I have considered for a while now that I needed to write about how this happened and how I, as the mother and primary care-giver has had to learn to adapt or get left in the dust of doubt and all the other many insecurities that I have had about this whole situation.

Well to get right into it, back in March we (my husband and I) went down to salt lake city to the Children’s hospital there to have an elective surgery preformed on our youngest son, Rhonin; who was just then 18 months old and 21 pounds. We went there to do a tonsillectomy and adenoidectomy which is just some fancy words for taking out of his adenoids and tonsils. An overnight stay at most because of his age not anything else. While doing the surgery they called and asked if he could also do a laryngoscopy, a scope of the back of his throat and down into his trachea. We said yes and during this they learned that my little Rhonin has the airway size of a 32 week pre-mature baby. To give us an even better understanding of the size he showed us a coffee stirrer, “This small” his Doctor said lifting the straw. As my eyes latched on to that little coffee stirrer my heart sank and I knew that we were in for a world of trouble. It was at that time that the Doctor recommended that we think about doing reconstructive surgery at some point in Rhonin’s early years. Besides having a small airway he also has a skeletal disorder called Skeletal Dysplasia, which is dwarfism at its core. So my Rhonin will never be super tall.

I was then told that I could go see my little man, my husband Jarod staying in the waiting room with our eldest son Liam. I walked into the PACU and got tense because there was quite I few kids crying as they awoken from surgery. I rounded the bend and saw that Rhonin too, was one of the many children crying. His voice was very rough sounding and by the time they gave him to me he was so worked up that I don’t think he even noticed that I was the one holding him. I silently let my tears of utter despair slide down my face as I tried so hard to not let my emotions come though. I have read somewhere that children, like dogs and horses can sense fear or upset. So I was trying to calm him and not let on that I too was crying. And sadly, he couldn’t even open his eyes and see that it was me…his eyes were too swollen to open.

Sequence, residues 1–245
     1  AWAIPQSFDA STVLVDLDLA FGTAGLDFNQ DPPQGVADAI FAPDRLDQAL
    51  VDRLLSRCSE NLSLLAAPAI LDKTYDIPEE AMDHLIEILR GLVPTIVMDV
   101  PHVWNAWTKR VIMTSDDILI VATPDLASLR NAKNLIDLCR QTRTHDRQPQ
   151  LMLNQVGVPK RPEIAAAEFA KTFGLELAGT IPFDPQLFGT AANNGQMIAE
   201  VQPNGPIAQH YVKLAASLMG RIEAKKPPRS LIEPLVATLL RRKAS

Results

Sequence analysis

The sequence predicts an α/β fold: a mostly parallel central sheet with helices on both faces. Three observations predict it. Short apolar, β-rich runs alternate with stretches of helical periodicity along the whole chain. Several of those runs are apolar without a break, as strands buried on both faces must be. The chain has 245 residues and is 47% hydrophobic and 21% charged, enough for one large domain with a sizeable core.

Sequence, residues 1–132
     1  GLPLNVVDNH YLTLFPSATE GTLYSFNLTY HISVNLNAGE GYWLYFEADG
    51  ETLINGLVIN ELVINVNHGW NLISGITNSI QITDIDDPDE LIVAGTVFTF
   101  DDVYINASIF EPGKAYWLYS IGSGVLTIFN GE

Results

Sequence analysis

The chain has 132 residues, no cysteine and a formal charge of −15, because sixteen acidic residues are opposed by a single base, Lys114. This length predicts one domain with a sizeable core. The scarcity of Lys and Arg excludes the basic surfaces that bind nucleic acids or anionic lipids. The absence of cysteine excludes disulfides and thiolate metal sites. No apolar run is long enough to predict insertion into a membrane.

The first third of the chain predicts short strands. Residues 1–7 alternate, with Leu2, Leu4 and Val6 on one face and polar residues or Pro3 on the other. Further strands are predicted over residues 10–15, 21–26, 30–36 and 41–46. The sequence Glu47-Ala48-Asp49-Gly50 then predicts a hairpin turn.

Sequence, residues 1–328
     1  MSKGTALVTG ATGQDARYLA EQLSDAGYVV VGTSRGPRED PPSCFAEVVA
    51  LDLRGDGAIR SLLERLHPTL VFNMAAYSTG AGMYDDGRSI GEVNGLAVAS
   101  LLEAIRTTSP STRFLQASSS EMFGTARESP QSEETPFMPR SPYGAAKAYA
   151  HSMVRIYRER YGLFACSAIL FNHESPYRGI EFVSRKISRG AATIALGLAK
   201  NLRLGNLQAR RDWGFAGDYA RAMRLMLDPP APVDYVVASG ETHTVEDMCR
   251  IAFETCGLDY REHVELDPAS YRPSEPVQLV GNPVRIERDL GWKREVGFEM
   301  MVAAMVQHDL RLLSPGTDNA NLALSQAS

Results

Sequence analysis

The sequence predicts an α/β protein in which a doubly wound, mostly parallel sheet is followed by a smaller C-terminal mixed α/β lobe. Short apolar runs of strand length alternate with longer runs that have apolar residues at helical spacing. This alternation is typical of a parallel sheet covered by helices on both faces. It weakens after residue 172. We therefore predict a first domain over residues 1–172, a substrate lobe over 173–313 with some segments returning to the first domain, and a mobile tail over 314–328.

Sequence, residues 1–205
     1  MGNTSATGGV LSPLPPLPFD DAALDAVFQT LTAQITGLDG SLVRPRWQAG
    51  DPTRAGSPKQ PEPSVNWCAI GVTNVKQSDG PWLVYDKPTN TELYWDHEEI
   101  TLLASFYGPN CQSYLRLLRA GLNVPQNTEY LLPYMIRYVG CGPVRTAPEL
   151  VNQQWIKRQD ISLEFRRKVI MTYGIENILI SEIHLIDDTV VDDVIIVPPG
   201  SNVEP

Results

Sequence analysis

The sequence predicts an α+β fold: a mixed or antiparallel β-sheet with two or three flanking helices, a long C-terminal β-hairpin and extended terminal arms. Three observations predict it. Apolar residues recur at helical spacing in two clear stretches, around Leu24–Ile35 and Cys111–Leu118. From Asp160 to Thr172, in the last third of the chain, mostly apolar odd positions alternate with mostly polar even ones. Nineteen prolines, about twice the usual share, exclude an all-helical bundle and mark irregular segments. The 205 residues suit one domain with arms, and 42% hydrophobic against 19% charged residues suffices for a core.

To make a very long part of the story short, he started having trouble breathing and the doctors were getting worried that he was working so very hard just to breathe. Now I am very much a hands on mom, and I wasn’t going to let anyone do anything to my Rhonin without clear understanding why and if there was any other way. But I learned that sometimes…And I mean sometimes, we need go with what the professionals suggest.

Towards midnight Rhonin was rushed to the OR again. At this time the Doctors wanted to re intubated him and put him on a ventilator to give his poor little body a break from working so very hard. Seeing him struggle like that was so hard. Something that all of us take of granted sometimes. Rhonin returned to sedation and intubated for a week, the swelling went down a little once and they tried to get the tube out only to have to put it back in again. Did you know that even sedated, children can cry. How scared he much have been, and all I could do was hold his hand and kiss his foot, telling him that everything was going to be alright in the end. It broke my heart seeing him cry the first time and every time there after.

It was at that time that his Doctor recommended that we really needed to start preparing ourselves for the possibility that Rhonin would need a Tracheostomy to even survive until at some point Rhonin could then have that reconstructive surgery we had talked about.